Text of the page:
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Publication numberUS1293535 A
Publication typeGrant
Publication dateFeb 4, 1919
Filing dateNov 24, 1917
Priority dateNov 24, 1917
Publication numberUS 1293535 A, US 1293535A, US-A-1293535, US1293535 A, US1293535A
InventorsRay P Perry
Original AssigneeBarrett Co
Export CitationBiBTeX, EndNote, RefMan
External Links: USPTO, USPTO Assignment, Espacenet
Centrifugal apparatus and process for shaping plastic material.
US 1293535 A
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Description  (OCR text may contain errors)

^ R. P. PgRRY. CENTRIFUGAL APPARATUS AND PROCESS FOR SHAPING PLASTIC MATERIAL. APPLICATION FILED NOV. 24.19l7.

l ,@@y Patented Feb. 4, 1919.

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'rr rr s aanirrca l UPPERIMONTCLAIR, NEW JERSEY, ASSIGNOR TO THE BARRETT COMPANY, A CORPORATION OF NEW JERSEY.

CENTRIFUG-AL PIPARATUSAN l)V PROCESS FOR SHAPING PLASTIC MATERIAL.

Specification of Letters Patent.

Patented Feb. 4L, 1919.

Application led November 24, 1917. Serial No. 203,779.

To all whom it may concern:

Be it known that I, RAY zen of the United States, residing at Upper Montclair, in the county of Essex and State of New Jersey, have invented certain new and useful Improvements in Centrifugal Apparatus and Processes for Shaping Plastic Material, of which the following 1s a specification.

My invention relates to a process of and machine for treating materials in fluid, that is, either in gaseous or in liquid forni), or both. The apparatus of my invention may be used for many purposes, and in one of theforms disclosed such apparatus may be employed to effect an intimate intermixture of two different materials in fluid form. My apparatus may also be used for making filamentaryl tubes of capillary dimensions.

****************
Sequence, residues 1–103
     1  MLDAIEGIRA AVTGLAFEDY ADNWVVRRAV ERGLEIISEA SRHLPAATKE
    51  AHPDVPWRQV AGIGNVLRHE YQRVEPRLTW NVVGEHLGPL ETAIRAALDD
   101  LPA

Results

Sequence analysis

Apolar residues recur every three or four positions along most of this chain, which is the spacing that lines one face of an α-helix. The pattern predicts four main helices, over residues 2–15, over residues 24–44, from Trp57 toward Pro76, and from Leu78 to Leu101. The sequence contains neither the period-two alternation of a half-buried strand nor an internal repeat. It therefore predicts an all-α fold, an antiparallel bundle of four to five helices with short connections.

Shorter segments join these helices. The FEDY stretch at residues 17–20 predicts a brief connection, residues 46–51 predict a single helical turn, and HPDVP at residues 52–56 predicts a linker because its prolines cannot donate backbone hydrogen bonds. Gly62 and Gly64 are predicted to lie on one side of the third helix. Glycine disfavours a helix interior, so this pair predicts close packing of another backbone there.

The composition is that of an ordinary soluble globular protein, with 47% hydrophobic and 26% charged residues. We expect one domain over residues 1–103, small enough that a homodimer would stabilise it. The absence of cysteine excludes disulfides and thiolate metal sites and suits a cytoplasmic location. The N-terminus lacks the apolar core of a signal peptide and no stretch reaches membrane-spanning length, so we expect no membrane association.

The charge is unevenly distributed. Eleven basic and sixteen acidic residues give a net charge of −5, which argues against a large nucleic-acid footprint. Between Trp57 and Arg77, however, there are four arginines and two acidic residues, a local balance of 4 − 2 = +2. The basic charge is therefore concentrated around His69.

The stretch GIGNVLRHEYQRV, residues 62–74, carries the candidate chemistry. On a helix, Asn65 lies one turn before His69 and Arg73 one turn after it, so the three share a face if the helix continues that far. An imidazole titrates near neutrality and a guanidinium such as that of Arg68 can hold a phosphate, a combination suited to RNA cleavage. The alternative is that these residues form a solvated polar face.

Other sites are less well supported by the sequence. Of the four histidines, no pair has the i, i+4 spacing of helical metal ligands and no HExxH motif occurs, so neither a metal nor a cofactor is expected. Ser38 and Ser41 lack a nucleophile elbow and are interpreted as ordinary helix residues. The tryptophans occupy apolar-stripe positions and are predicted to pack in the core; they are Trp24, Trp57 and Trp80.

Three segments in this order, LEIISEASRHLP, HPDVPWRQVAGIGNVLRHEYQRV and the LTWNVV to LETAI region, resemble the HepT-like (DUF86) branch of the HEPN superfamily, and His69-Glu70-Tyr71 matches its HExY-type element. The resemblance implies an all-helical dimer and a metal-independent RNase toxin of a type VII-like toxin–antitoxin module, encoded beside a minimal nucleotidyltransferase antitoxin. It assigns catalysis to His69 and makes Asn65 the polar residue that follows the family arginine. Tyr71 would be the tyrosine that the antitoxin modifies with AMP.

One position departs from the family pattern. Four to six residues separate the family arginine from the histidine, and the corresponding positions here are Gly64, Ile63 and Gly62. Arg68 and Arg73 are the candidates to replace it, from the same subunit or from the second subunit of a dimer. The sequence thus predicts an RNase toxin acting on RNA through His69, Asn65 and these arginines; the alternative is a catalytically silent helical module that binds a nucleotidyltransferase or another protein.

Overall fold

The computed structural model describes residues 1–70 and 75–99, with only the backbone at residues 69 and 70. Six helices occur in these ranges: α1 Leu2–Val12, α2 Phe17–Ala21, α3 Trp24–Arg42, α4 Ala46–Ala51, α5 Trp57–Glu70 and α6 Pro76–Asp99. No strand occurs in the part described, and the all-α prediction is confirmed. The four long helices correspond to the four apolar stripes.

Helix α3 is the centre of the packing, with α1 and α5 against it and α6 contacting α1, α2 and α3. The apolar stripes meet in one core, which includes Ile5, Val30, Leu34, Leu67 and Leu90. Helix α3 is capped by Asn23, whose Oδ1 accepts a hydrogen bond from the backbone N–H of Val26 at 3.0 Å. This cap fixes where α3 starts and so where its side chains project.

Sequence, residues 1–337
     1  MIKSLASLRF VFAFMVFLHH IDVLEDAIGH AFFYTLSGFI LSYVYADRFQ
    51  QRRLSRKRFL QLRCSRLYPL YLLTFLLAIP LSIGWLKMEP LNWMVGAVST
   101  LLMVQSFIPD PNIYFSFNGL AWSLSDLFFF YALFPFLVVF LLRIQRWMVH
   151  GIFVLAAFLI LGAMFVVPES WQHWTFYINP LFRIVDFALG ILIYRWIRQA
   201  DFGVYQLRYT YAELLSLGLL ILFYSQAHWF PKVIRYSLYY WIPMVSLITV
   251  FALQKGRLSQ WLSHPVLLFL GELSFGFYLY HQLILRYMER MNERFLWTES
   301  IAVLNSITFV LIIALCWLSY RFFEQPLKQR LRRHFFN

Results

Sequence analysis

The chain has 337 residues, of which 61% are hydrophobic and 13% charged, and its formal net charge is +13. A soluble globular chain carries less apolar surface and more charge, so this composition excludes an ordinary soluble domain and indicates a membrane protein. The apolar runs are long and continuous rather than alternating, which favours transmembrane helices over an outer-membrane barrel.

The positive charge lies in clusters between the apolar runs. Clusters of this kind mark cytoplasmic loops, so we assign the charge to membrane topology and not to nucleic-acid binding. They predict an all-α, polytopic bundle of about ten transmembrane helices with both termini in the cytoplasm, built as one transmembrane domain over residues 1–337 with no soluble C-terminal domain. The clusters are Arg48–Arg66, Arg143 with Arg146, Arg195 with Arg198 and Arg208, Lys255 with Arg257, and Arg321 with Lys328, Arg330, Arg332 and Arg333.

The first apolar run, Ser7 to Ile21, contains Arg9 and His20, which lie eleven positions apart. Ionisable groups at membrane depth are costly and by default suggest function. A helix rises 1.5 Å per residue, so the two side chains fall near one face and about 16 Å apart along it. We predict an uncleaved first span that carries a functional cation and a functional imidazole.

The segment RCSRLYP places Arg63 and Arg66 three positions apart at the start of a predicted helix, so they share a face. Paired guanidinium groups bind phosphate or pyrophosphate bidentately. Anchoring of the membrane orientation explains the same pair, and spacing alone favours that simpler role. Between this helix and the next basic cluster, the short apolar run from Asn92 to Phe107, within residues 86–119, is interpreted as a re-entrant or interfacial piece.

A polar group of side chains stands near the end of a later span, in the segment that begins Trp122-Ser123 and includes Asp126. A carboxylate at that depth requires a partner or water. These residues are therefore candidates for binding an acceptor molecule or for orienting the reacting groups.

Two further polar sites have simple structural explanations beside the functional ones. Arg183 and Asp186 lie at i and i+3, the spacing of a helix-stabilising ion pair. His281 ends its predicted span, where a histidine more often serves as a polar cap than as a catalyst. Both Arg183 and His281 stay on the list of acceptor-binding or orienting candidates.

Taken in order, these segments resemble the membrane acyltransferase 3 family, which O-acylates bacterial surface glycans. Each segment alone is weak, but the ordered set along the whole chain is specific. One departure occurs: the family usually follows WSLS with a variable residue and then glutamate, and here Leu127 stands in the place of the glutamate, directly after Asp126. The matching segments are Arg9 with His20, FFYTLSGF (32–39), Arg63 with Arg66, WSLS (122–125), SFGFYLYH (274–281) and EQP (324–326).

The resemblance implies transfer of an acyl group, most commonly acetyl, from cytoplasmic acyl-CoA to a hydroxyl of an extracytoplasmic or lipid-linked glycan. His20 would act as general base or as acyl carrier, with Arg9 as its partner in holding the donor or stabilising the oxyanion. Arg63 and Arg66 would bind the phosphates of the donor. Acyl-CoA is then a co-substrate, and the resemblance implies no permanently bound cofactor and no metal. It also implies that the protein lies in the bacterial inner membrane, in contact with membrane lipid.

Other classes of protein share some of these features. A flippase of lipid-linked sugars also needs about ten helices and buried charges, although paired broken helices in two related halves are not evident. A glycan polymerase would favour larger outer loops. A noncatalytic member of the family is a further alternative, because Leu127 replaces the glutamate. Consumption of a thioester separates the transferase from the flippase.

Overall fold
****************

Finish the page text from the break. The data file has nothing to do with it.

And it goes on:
Referring to the drawing, wherein I .have

i illustrated my invention,

Figure 1 is a view partly in section and partly in elevation of the preferred form ofy my invention;

Fig. 2 is a detail cross-sectional view showing one of the forms which a material treated in my apparatus may acquire;

Fig. 3 is a cross-sectional detail view of a modification; j

Fig. 4 is a cross-sectional detail view of another modification; and

Fig. 5 is an end View, on an enlarged scale, of thetubes shown in Fig. 4. i

Fig. 6 is a sectional view, partly broken away, showing a gas tight connection.

1 indicates a receptacle having a substan tially cylindrical form. The receptacle 1 is provided with a plurality of apertures 2,72,

v2. These apertures may be disposed in any desired manner andmay be provided in any desired number and '-may be of any desired shape. I prefer to arrange the apertures in a Series of horizontal rows in the side walls of "the receptacle 1. Within the receptacle 1 i-s 'a receptacle 1 which is vixedly attached at the bottom thereofto the inner wall of the bottom of the receptacle 1. The receptacle 1 may be cylindrical or have any other i desired form. Attachedto and Acommunicating with the receptacle 1 are the tubelike elongated members 2 whose outer ends are located adjacent to vand project through the apertures 2. A